Clinical and serological study of myasthenia gravis in HuBei Province, China
- 1Department of Neurology, Tongji Hospital, Huazhong University of Science and Technology, WuHan, China
- 2Neurosciences Group, Weatherall Institute of Molecular Medicine, John Radcliffe Hospital, Oxford,UK
- Correspondence to: Professor A Vincent Neurosciences Group, Weatherall Institute of Molecular Medicine, John Radcliffe Hospital, Oxford OX3 9DS, UK; Co-corresponding author: Professor Wei Wang, Department of Neurology, Tongji Hospital, Huazhong University of Science and Technology (HUST), WuHan, China;
- Received 22 June 2006
- Accepted 23 October 2006
- Revised 13 October 2006
- Published Online First 6 November 2006
Background: Ocular and childhood myasthenia gravis (MG) cases seem relatively more common in Oriental than in Caucasian populations, but there have been no comprehensive serological studies on patients from mainland China.
Methods: 391 unselected patients with MG attending Tongji Hospital in WuHan (the largest hospital in the province of HuBei, China) were studied during a 15-month period; most had already received treatment for their condition.
Results: The male to female ratio was 0.8. 50% of the patients were children (<15 years), and age at onset showed a single peak at between 5 and 10 years of age. 64% of the children and 66% of the adults were positive for acetylcholine receptor (AChR) antibodies but the antibody titres were lower than in similar Caucasian studies, although this was partly due to the high incidence of ocular MG. Of the 43 patients with generalised MG without AChR antibodies, only 1 had muscle-specific kinase antibodies (2.5%) and 2 had voltage-gated calcium channel antibodies indicating probable Lambert–Eaton myasthenic syndrome. 75% of the children, compared with only 28% of the adults, had ocular MG. Thymoma was evident by MRI in 1.5% of children and in 20% of adults. Despite most patients having received prednisone, very few had obtained full clinical remission.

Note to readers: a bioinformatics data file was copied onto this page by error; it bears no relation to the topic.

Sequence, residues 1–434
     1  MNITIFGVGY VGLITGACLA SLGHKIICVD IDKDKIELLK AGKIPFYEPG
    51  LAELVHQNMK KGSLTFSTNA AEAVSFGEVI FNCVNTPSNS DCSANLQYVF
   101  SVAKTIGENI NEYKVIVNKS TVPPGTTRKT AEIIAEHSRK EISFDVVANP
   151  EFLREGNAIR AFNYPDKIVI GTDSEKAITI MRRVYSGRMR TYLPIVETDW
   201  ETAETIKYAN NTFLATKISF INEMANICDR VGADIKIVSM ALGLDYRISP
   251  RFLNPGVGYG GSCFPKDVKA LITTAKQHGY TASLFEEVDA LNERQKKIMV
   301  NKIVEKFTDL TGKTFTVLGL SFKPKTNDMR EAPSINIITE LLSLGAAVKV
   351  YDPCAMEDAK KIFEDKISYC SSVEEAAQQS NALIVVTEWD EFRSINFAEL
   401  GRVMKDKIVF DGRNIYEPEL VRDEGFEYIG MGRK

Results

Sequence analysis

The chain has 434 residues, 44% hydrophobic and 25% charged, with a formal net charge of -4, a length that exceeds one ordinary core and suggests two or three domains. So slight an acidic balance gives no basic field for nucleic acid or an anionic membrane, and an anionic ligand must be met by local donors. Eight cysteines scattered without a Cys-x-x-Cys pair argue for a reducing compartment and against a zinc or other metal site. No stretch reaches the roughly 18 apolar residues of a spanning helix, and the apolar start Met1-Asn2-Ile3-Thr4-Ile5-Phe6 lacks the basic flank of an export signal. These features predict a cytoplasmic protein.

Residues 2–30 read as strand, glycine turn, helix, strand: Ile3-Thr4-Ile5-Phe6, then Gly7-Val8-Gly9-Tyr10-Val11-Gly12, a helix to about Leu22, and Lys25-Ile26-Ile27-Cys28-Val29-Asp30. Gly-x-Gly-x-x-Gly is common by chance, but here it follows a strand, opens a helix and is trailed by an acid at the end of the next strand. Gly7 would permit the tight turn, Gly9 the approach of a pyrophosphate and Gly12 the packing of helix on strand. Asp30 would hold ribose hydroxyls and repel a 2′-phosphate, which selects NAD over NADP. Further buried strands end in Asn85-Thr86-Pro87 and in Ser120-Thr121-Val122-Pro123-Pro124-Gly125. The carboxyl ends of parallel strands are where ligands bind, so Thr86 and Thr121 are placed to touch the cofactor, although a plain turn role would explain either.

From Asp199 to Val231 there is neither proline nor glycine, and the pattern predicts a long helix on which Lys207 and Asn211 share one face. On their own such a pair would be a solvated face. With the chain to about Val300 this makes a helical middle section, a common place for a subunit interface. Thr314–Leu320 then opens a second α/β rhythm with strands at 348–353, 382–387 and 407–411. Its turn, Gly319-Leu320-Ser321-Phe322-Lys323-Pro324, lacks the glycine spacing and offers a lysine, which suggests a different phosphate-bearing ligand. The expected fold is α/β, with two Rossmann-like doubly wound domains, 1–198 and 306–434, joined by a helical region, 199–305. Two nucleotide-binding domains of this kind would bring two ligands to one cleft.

Conclusion: This study emphasises the frequency of early childhood onset with ocular symptoms and shows that many of these patients have AChR antibodies. By contrast, patients presenting in later age seem to be very uncommon in comparison with recent studies in Caucasian populations.
- AChR, acetylcholine receptor
- MG, myasthenia gravis
- MGFA, Myasthenia Gravis Foundation of America
- MuSK, muscle-specific kinase
- SNMG, seronegative myasthenia gravis
- VGCC, voltage-gated calcium channel
Published Online First 6 November 2006
Competing interests: The Department of Clinical Neurology in Oxford receives payments and royalties from AChR and MuSK antibody tests.